Let's Get This Straight: The great e-mail scare

Published August 3, 1998 7:00PM (EDT)

| The news spread like a, well, virus: Both Microsoft's and Netscape's e-mail programs harbor a potentially deadly security flaw! If users of these programs -- Microsoft Outlook and Outlook Express and Netscape's Messenger -- aren't careful, their hard drives could be erased!

Has anyone's hard drive been erased? Uh, no. In fact, there is no evidence anywhere of anyone actually attempting to exploit this newly exposed security flaw for malicious (or any other) ends -- aside from the efforts of the Finnish researchers who first identified the problem, and the engineers at Microsoft and Netscape who are now working overtime to repair it.

Of course, now that the story has been on the front page of newspapers across the country, that could well change. Still, somehow the news seems a lot less dire when you realize that harm from the security hole remains strictly potential.

Let's review the details: For years, computer security experts have told us that dangerous computer viruses can't infect our systems via e-mail -- as long as we just read the e-mail and don't actually run any code or activate any programs that arrive as attachments to the e-mail message. Recently, so-called macro viruses have emerged that infect Microsoft Word documents; by opening these documents, you can activate such a virus -- so at this point, it's a good idea not to read any Word documents that arrive as attachments from strangers, either.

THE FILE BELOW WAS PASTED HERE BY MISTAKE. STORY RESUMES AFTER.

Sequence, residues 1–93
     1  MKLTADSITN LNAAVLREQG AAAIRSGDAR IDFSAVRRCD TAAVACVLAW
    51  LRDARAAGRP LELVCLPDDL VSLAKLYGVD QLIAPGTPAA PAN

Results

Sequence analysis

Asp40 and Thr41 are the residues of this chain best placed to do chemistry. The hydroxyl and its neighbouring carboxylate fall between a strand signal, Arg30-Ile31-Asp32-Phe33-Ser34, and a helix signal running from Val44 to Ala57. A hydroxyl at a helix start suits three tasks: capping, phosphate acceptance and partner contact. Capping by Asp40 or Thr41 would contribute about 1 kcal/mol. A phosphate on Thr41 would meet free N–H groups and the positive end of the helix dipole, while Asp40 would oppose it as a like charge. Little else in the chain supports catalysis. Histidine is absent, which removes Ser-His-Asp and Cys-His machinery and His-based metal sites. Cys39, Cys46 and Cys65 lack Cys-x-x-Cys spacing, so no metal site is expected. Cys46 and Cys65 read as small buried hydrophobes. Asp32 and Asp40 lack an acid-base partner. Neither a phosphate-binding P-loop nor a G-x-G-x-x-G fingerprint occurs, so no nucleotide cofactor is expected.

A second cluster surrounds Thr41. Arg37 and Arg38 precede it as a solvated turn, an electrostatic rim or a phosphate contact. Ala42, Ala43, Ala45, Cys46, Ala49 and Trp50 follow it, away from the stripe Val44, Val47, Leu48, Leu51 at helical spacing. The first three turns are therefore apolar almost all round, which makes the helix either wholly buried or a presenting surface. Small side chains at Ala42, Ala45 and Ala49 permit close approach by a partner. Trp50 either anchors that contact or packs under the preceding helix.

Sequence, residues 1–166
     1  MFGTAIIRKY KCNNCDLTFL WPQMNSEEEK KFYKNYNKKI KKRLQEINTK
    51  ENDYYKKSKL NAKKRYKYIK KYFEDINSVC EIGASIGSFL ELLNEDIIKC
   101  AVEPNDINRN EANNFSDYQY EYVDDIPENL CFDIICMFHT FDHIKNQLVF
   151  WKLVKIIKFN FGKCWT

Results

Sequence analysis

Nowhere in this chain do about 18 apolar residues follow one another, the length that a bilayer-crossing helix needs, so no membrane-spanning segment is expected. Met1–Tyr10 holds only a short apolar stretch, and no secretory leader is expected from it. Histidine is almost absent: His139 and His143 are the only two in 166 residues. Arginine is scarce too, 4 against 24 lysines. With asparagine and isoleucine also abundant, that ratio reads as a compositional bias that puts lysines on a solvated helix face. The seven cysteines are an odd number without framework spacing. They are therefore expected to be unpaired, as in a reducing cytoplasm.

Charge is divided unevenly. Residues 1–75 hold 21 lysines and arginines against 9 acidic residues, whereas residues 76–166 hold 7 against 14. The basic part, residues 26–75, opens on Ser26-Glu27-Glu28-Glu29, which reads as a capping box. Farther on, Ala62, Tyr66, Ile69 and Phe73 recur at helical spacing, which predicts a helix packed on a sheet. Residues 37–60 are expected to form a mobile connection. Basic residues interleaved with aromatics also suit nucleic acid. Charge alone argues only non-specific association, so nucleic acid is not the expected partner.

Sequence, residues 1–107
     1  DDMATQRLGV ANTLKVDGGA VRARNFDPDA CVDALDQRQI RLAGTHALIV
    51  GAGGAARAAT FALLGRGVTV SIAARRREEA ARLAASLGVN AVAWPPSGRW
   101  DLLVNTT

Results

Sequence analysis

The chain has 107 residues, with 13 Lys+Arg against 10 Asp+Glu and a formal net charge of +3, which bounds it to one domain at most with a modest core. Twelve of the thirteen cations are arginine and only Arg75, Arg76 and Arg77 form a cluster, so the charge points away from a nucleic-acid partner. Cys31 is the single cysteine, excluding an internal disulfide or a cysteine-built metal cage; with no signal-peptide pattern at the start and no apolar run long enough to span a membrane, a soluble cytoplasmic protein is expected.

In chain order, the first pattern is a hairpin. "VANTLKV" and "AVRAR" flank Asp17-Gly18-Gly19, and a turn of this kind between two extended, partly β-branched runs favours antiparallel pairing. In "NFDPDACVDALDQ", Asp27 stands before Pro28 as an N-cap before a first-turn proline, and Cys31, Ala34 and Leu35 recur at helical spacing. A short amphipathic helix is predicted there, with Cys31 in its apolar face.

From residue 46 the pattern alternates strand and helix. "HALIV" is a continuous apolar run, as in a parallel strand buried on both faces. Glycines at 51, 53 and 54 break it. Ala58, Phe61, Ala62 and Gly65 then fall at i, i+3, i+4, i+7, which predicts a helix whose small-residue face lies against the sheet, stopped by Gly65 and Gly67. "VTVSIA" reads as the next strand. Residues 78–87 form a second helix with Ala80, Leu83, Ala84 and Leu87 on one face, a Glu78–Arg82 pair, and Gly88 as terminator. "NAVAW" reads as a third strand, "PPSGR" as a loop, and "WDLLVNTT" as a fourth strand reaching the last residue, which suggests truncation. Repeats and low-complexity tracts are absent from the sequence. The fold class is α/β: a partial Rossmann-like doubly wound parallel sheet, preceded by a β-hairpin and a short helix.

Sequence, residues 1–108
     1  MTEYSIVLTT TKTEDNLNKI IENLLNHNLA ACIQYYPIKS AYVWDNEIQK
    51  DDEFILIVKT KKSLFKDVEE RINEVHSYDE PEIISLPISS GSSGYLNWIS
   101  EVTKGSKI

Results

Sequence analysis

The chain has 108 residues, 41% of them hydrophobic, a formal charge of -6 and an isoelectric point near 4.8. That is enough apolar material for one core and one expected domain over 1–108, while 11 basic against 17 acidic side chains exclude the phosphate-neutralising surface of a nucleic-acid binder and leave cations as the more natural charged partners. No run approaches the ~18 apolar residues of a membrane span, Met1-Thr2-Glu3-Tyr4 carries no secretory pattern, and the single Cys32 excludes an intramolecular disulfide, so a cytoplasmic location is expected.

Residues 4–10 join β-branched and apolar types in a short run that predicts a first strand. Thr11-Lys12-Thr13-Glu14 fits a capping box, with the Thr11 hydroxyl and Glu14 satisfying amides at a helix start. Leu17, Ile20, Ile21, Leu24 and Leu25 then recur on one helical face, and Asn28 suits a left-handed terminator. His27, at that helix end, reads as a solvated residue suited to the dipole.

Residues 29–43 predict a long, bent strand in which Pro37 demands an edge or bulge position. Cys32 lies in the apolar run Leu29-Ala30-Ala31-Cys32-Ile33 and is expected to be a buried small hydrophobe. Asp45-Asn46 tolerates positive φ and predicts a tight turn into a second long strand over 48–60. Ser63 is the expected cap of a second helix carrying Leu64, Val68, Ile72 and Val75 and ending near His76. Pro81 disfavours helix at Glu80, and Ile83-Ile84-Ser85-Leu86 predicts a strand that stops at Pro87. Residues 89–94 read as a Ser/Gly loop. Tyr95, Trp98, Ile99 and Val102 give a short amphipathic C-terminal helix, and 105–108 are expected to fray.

But a plain-text e-mail message that can melt down your system? That's not for real; it's a hoax like the notorious Good Times virus -- an e-mail that warned users not to read any e-mail messages from an America Online address labeled "good times" because it could fry their hard drives. The bogus warning is still probably rattling around somewhere on the Net.

The first reports of the new security hole in Microsoft's and Netscape's e-mail readers suggested that suddenly everything had changed -- and just downloading an e-mail message could, at least theoretically, trigger a dangerous virus. The trouble stems from how these programs handle abnormally long names for file attachments they receive. A well-behaved, carefully written program would simply truncate a longer-than-expected name; but various versions of Microsoft's and Netscape's programs instead load the longer name into memory, overloading the "buffer" or memory space allocated to the name and spilling over into adjacent areas of the computer's memory.

So what? Well, if a malicious programmer packed this extra-long file name with executable program code rather than harmless file-name information, you'd be in trouble. When word of the specific nature of the security flaw got out on the Net, experienced programmers rolled their eyes: This particular "buffer overflow" goof is a classic coding error (something similar lay behind the infamous "Internet worm" that brought the Net to its knees in 1988). For leading software vendors like Microsoft and Netscape to have made this mistake today is appalling.

So has everything changed? Do we all need to worry that every e-mail message we receive may be a bomb ready to level our systems? Of course not. For starters, those of us who use older, and in many ways better, e-mail programs -- like the beloved Eudora -- don't need to worry. If you do use one of the affected programs, you'll soon be able to get a patch to fix it (Microsoft information is here, and Netscape's is here). Until you've installed a patch, just delete any incoming messages with suspicious attachments -- before you even look at the file name -- and tell the sender that you'll be happy to read his or her message in plain text in the body of the e-mail. And while you're waiting for the patch, it can't hurt to maintain a good, up-to-date backup of your most important data, just in case. But you do that already, right?